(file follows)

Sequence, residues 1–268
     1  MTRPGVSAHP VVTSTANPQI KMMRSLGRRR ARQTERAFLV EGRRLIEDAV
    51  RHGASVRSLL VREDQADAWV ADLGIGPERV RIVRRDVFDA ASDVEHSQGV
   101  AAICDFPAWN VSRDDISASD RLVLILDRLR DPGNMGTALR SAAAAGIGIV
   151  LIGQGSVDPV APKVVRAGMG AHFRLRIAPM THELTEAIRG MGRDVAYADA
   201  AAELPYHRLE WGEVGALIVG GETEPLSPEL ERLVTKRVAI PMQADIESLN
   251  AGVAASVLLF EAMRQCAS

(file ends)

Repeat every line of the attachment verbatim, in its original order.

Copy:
Sequence, residues 1–268
     1  MTRPGVSAHP VVTSTANPQI KMMRSLGRRR ARQTERAFLV EGRRLIEDAV
    51  RHGASVRSLL VREDQADAWV ADLGIGPERV RIVRRDVFDA ASDVEHSQGV
   101  AAICDFPAWN VSRDDISASD RLVLILDRLR DPGNMGTALR SAAAAGIGIV
   151  LIGQGSVDPV APKVVRAGMG AHFRLRIAPM THELTEAIRG MGRDVAYADA
   201  AAELPYHRLE WGEVGALIVG GETEPLSPEL ERLVTKRVAI PMQADIESLN
   251  AGVAASVLLF EAMRQCAS